Encrypted Media Extensions (EME), part of a DRM system that's being standardized at the World Wide Web Consortium (W3C), marks the first instance in which a W3C standard will fall under laws like the DMCA, which let companies threaten security researchers with criminal and civil liability just for disclosing the defects in these products.
The Electronic Frontier Foundation has asked the W3C to extend its existing policies (which ban members from using patent rights to attack those who implement W3C standards) to cover these DMCA rights, but so far, the organization has not adopted these rules.
Security researchers, privacy experts, and technology professionals from all over the world have signed an open letter to the W3C asking it to reconsider. In the meantime, EME has progressed through the W3C to "candidate recommendation" stage, just days after an Israeli security researcher divulged that Google's version of EME has had serious flaws, possibly latent since 2010, that no one had reported (Israel is one of the world's few developed nations without a law like the DMCA).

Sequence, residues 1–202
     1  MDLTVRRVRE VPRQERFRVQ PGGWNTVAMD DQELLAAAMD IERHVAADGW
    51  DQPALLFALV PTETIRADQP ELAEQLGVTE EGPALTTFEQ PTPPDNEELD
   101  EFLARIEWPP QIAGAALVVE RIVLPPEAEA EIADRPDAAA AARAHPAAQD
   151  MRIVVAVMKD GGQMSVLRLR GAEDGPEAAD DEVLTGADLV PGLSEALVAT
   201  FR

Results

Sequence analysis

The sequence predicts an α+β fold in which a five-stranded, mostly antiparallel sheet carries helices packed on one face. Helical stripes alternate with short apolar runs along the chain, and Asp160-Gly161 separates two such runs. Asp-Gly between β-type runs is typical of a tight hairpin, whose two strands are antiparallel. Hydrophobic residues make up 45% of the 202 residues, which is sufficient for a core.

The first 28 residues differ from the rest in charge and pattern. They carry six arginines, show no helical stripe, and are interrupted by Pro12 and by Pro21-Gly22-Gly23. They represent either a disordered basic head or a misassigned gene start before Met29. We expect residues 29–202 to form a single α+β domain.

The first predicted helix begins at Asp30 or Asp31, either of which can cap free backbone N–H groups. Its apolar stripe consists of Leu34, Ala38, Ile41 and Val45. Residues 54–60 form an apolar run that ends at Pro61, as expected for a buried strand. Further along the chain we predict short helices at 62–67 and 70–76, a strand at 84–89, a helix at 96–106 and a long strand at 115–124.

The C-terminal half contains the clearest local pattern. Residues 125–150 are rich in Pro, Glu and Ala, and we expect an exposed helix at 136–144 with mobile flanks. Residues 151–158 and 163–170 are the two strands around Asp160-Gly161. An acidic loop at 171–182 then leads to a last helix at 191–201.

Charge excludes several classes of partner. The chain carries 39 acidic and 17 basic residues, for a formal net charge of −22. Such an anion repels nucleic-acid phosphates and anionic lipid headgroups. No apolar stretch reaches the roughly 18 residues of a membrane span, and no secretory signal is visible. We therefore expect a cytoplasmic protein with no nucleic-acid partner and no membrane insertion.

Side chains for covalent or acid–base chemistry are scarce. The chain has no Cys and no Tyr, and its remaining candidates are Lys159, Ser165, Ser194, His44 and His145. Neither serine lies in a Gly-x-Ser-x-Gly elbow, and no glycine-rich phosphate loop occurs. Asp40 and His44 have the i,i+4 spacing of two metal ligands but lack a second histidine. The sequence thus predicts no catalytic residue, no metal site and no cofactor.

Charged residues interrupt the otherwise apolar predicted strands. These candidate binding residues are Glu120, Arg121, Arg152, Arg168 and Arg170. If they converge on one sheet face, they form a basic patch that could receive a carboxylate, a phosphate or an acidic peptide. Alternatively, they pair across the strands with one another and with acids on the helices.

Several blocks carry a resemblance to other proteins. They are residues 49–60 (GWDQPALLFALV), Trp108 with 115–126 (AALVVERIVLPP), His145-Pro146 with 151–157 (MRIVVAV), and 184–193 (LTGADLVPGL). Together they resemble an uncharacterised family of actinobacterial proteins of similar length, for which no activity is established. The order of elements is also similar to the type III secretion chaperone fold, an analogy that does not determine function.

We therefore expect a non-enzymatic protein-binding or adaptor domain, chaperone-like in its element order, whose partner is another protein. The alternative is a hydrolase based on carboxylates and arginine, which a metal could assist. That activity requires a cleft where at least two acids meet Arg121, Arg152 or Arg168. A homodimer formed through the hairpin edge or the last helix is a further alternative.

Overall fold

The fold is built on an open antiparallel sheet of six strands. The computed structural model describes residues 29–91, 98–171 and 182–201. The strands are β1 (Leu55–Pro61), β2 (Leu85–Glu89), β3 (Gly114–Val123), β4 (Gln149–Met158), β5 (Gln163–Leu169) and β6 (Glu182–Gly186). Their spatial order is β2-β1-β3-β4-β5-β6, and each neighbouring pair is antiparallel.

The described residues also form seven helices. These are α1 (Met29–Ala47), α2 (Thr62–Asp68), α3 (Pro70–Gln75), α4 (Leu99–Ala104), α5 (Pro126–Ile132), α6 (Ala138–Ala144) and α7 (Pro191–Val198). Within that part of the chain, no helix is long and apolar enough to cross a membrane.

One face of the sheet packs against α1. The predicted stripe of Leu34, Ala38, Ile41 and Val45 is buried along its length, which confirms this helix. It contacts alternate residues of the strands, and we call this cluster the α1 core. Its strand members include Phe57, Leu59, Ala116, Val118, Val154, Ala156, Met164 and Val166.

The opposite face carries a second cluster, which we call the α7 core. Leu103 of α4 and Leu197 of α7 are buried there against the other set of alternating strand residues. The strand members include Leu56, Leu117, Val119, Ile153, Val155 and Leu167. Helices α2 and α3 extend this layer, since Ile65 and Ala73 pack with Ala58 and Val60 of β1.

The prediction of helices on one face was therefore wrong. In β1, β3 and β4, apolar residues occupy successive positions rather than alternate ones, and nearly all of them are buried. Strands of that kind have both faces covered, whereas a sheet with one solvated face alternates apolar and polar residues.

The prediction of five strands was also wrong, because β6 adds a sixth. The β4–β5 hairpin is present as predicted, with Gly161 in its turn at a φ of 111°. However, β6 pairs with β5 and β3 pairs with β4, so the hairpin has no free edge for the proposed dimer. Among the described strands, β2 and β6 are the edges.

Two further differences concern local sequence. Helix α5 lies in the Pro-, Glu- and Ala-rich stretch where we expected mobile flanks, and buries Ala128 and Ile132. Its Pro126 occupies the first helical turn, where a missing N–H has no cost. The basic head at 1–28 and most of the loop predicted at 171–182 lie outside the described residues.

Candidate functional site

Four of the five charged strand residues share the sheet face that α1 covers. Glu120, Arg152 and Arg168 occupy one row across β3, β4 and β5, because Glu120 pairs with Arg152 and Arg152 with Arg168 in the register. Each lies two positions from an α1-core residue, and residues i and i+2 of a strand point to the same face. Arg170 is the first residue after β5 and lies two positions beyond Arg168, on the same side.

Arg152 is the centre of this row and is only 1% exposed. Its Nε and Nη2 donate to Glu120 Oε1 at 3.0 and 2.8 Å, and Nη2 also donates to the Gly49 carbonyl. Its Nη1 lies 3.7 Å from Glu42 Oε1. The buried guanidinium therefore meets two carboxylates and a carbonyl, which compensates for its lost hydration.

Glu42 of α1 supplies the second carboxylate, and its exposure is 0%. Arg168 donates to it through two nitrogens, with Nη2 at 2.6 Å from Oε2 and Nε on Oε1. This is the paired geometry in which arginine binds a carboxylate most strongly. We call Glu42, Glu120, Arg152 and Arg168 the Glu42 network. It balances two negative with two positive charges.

EFF is calling on security researchers to audit all the existing implementations of EME, to ensure that they perform as advertised, that their sandboxes don't have lurking escapes, that they can't be used to launch attacks on users:
In the meantime, we urge the security research community to subject all EME implementations to the closest possible scrutiny. The black hats who are already doing this are not bound by fear of the DMCA, and they are delighted to have an attack surface that white hats are not allowed to investigate in detail.
Even with this handicap, white hats discover serious vulnerabilities. Every discovery proves the need to let researchers examine the full scope of possible security flaws. If you are investigating a system or wish to disclose a flaw and need legal advice, please contact our intake address.
A Call to the Security Community: The W3C's DRM Extension Must Be Investigated